Conventional epic fantasy has a decidedly different orientation. As Daniel Abraham puts it, traditional fantasy worlds are conceived of benign entities facing existential threats (evil gods, invasions by sentient non-humans, megalomaniacal sorcerer-kings, etc.). Resolution of conflict thus centers on putting things right, and getting back to status quo. The main alternative within the genre—gritty or grimdark fantasy—presents the world as essentially malefic, bad to the bone and incapable of being fixed. The status quo is inevitably maintained because, well, the game’s rigged and humans can’t really do much to change that. Epic fantasy worlds are preserved in time in both cases, either because its heroes value normalcy over all else or because they come to realize that normal is all it’s ever going to be. Only rarely is the world moldable.
By contrast, the fact that science fiction is a literature centrally focused on transformative change paradoxically imbues both its “hard,” neo-Campbellian center and the revolutions against it—Fredrik Pohl’s New York-based “futurians,” the new wave (both British and American), cyberpunk and the more specified radical hard SF and new space opera movements—with an openness towards exploring social arrangements. The crucial questions have always been as to the nature, degree, extent and form of these explorations.
The inventiveness of the new wave is particularly notable here, from Samuel Delaney’s Dhalgren, which is a complex deconstruction of the social instruments of gender, racial and sexual domination, to the polyandrous anarchy of Robert Heinlein’s The Moon is a Harsh Mistress, to Ursula K. LeGuin’s exploration of gender-neutral society in The Left Hand of Darkness. University of California, Davis Professor Mark Chia-Yon Jerng argues that Dhalgren is not just a revolutionary work of literature, but a fundamental expression of the science fictional approach:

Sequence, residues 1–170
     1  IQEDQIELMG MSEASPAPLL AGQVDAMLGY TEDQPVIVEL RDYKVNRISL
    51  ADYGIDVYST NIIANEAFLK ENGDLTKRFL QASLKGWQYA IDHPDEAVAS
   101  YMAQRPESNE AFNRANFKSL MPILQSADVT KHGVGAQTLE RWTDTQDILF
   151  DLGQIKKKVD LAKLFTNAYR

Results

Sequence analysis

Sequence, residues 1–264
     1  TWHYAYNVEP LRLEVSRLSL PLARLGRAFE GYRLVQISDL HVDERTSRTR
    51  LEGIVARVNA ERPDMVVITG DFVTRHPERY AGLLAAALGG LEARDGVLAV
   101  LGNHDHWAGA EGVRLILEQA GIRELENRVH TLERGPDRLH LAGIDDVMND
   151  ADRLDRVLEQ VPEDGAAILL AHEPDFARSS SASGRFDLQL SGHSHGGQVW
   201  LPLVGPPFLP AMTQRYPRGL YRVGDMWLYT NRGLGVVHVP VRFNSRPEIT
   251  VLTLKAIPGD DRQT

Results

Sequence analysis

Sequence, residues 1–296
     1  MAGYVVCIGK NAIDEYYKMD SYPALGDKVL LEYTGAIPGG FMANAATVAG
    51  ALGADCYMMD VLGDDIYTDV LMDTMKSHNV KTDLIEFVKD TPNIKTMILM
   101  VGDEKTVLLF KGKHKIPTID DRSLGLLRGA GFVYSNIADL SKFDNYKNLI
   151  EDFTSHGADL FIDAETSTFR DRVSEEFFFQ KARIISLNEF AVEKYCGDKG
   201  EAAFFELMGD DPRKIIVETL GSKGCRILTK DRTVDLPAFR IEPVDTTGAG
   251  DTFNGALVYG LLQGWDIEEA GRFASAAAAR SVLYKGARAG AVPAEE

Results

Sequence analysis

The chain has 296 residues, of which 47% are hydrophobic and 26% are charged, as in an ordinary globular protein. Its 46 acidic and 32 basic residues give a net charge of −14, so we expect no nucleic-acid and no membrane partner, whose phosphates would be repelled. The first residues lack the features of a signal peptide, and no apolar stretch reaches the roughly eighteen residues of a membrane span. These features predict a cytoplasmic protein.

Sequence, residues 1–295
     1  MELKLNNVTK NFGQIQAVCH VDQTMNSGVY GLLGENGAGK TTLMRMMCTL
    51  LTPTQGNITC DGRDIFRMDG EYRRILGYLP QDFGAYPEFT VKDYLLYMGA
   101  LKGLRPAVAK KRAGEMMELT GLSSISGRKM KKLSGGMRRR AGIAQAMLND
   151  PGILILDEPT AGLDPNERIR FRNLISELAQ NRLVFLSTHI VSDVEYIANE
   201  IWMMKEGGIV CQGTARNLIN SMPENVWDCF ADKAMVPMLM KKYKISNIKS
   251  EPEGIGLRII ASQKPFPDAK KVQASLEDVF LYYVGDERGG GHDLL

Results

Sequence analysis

Because science fiction often requires the reader to discern the governing norms and values of its constructed, alternative world, it questions the traditional contexts and visual cues by which racial difference appears as racial difference at all.
Or look at Iain M. Banks’ lauded Culture novels. The Culture is a post-scarcity society where individuals can change their appearance and sexual organs at will. There are no gender, racial or national boundaries. And humans aren’t even in the business of ruling or dominating other humans anymore—rather, they are content to be led by hyper-intelligent and benevolent machines. This is as radical a re-imagination of human society as I’ve ever seen in literature.
Utopian literature tends to founder on the rock of boring. But as I noted in a review of The Player of Games, tensions emerge from the Culture’s interactions with other societies. In that book, the target is Azad, a rapacious, hyper-Hobbesian society where males and females are dominated by an “apex” gender and social status is conferred by the level of success or failure accrued in the game Azad, for which the society is named. The Culture inevitably views as Azad as cruel and inferior; on the basis of self-perceived moral superiority, Culture minds decide to intervene.
Do the ends justify the means?